Tom Stade Review: Comedy that is far from staid

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Image courtesy of Lancaster Arts

Rock-n-roll comedian Tom Stade begins his 2017 tour on the back of a year away in Africa. The middle-aged Canadian is far from the usual age for jetting off on a gap year, but with his characteristic grey swagger he delivered fresh, new comedy to his Lancaster audience. He early on identifies three age groups: baby-boomers, the middle-aged and millennials, and no-one is safe from being the target of his often astringent comedy. Though personal stories about his family punctuate the performance, it isn’t one to bring the kids along to. The majority of Stade’s jokes circle back to the fairly pedestrian themes of relationships and technology, but not without characteristic detours down dark alleys where the best of his humour lurks, ensuring that his reception is far from staid.

“If you’ve got a moral compass, you should leave now!” Stade remarks twice – gesticulating the fire exits: a warning for the torrent of f-bombs and sexual innuendo he is about to let loose. Though the title of his tour provides an accurate ‘trigger-warning’ for a university, Stade’s comedy is hardly controversial to the ears of an audience scattered with his youngest age-category: the sandal-wearing young night-owl creature who wakes only to Snapchat the crude excitements in the lives of other sex-crazed, drugged up millennials – also the smartest of the three generations, apparently. His open-minded political views also run as subtle undercurrent to the whole routine and for the most part save it from being overly crass.

The barely 100- strong audience in Lancaster has to be one of Stade’s smallest, after previously performing this gig at the Edinburgh Fringe and earlier performances in his 20 year-long career having taken place at venues such as Live at the Apollo. Stade works this into his comedy, creating a personal connection with his audience, as he weaves spontaneous jokes about Lancaster’s ‘infamous Great Hall’ into the act. Stade is known for keen interaction with the public, as a man not at all encumbered by his notoriety in the comedy world. In ‘I Swear’, Stade bounces from person to person, asking them sometimes rhetorical and often personal questions to keep the flow of his professed ‘comedy river’ lively and engaging. Though his stories range from encounters with child soldiers in Mozambique, to his future grandchild despairing of his inability to use the newfangled forehead-chip to turn his stove on, it’s easy to keep up.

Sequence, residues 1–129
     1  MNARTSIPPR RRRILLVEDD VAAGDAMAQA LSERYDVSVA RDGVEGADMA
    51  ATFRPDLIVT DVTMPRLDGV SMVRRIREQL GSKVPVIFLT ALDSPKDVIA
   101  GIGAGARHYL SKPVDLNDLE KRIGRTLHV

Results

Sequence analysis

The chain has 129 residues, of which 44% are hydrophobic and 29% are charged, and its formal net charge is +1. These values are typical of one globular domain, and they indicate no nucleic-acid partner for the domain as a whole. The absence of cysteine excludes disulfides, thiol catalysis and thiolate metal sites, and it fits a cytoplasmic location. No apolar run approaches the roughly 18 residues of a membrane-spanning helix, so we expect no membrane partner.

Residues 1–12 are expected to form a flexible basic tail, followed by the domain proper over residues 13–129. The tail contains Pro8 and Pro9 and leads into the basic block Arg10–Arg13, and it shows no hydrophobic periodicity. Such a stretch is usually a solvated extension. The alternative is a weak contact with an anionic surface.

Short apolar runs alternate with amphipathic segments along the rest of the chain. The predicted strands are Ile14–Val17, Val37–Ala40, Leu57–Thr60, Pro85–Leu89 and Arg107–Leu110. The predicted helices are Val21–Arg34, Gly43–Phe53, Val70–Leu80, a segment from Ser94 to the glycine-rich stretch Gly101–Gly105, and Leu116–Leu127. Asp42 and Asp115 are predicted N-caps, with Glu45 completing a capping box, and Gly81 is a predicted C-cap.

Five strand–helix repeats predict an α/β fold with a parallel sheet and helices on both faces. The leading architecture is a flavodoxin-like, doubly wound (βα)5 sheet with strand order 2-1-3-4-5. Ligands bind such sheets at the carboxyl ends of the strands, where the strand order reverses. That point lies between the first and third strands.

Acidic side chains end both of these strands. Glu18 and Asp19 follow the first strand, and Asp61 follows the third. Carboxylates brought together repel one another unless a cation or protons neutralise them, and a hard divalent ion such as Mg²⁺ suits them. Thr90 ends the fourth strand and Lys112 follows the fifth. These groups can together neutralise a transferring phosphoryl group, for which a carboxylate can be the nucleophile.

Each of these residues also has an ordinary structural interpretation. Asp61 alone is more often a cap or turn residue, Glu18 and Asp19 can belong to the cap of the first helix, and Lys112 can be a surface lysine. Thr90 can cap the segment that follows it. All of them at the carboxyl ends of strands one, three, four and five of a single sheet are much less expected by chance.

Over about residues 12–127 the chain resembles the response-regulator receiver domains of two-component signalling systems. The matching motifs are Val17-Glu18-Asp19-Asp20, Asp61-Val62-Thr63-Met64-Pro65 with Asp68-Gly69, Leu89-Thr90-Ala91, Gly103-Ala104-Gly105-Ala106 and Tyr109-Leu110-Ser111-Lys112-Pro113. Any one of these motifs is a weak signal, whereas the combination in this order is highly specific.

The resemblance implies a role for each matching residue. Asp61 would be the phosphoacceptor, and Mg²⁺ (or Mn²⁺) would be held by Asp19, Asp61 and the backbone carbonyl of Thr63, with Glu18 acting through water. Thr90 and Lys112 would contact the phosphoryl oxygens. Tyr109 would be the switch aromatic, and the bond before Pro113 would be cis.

That is with the exception of one joke which falls flat, about his vegan daughter who encourages him to eat his vehemently-expressed nemesis: the brussell sprout – by covering them in cheese? This was met with confusion, but Stade launches into the next topic – possibly drugs, sex, or old people’s curtains, with ease and the misunderstanding doesn’t prove much of a dam to his comedy river.

The support act, another Canadian comedian: Nigel Lawrence also ensures that it is definitely worthwhile turning up to this gig on time. Lawrence delivers original material on pole dancing as an Olympic sport, and witticisms on English culture through a Canadian’s eyes. Having now performed ‘I Swear’ in five venues, the pair are due to take the tour to 19 more, including London’s Leicester Square Theatre and The Stand in Glasgow, as well as some more intimate localities such as Ilkley’s King’s Hall. Check out dates and venues at: http://tomstade.co.uk/live/